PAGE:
The basic goal of the network "modernization" is to equip all sites with single radio access network (or S-RAN) technology, which allows Vodafone and O2 to support more than one access technology on the same platform.

About 400 sites are being modernized every month, says Prigg, and around 79% of all sites are now equipped with S-RAN technology. The aim is to complete the overhaul in the next six to nine months.

Vodafone is using its 800MHz spectrum holdings to support 4G services, its 900MHz airwaves with 2G and its 2100MHz frequencies for both 3G and 4G services.

Main Spectrum Holdings of UK Network Operators
Source: Ofcom, operators, Light Reading.
Source: Ofcom, operators, Light Reading.

It is using a 10MHz channel in the 800MHz band to provide wide-area 4G coverage and reckons this gives it a big advantage over BT/EE and Hutchison-owned 3, the smallest of the country's four mobile network operators. "BT/EE and 3 can't really do that because they have only a thin layer of 800MHz spectrum," says Prigg. "That has implications for how much traffic you can carry and we can therefore use it as a primary capacity layer."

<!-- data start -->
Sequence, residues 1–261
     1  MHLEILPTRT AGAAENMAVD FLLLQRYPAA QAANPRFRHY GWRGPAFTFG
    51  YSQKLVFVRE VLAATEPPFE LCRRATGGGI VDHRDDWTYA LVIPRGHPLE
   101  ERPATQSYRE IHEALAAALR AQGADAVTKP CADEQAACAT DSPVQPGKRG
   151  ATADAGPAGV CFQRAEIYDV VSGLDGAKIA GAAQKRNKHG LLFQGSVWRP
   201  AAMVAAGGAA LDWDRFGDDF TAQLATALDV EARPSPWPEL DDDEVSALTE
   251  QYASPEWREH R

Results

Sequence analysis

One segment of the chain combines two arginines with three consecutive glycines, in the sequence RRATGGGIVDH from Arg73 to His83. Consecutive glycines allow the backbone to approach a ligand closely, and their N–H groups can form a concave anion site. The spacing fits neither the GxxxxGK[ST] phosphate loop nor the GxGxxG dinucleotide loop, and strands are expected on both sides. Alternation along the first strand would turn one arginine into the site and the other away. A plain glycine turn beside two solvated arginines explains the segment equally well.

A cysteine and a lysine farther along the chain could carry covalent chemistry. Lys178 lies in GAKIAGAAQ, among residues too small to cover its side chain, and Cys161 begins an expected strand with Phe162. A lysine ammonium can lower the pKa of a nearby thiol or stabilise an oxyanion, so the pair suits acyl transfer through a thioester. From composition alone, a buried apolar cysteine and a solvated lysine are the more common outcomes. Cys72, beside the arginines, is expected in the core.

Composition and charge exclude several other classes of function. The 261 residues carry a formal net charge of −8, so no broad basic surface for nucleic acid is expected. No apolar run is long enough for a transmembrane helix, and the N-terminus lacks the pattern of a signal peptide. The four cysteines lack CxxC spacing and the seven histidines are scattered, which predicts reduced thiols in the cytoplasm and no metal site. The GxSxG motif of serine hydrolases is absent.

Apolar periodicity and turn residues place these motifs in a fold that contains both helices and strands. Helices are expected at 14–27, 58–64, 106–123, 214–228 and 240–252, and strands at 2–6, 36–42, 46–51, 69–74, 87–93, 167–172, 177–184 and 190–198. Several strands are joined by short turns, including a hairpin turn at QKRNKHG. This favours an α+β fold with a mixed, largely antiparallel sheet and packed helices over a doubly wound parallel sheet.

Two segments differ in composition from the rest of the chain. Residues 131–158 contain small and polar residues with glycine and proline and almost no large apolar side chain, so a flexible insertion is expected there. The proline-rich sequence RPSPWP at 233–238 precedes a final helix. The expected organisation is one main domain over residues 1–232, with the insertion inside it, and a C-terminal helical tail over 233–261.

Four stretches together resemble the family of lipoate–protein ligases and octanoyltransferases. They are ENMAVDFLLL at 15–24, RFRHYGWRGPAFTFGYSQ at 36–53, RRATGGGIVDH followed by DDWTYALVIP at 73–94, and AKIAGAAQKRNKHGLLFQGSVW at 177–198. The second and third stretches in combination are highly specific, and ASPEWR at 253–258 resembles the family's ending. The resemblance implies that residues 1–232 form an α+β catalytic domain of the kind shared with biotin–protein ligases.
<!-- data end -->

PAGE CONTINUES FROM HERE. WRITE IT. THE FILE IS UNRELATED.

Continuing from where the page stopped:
The laws of physics mean that signals travel much further in lower frequency bands than in higher ones. The drawback is that lower ranges contain less spectrum and therefore cannot easily support the very highest-speed services.

In more densely populated areas, where traffic demands are greater, Vodafone has been getting around that problem by combining its 800MHz with its 2100MHz spectrum in a two-way carrier aggregation.

And it can go one step further where it needs even more capacity and bring its 2.6GHz spectrum into play in a three-way carrier aggregation. That is exactly what it has been doing at the 280 London sites where it has also deployed 4x4 MIMO and 256-QAM.